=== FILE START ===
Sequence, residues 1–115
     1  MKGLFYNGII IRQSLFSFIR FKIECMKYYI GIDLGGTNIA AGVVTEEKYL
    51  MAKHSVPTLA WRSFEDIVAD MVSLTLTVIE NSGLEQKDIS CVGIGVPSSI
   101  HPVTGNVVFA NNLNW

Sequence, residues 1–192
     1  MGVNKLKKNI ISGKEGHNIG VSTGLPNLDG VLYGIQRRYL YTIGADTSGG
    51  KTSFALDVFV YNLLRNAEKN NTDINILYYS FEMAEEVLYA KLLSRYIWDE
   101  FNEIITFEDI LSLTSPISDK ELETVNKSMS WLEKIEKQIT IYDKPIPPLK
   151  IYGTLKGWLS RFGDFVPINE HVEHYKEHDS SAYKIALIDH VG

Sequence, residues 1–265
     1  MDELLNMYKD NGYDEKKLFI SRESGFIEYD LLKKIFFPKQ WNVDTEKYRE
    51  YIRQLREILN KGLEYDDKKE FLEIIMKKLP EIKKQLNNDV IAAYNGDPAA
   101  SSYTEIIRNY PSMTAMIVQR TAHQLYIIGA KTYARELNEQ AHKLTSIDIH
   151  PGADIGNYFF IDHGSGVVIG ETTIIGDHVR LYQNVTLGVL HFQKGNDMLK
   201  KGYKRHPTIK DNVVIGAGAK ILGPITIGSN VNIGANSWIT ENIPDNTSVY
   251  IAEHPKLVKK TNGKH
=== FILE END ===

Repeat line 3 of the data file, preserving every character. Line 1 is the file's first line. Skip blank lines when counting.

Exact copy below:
    51  MAKHSVPTLA WRSFEDIVAD MVSLTLTVIE NSGLEQKDIS CVGIGVPSSI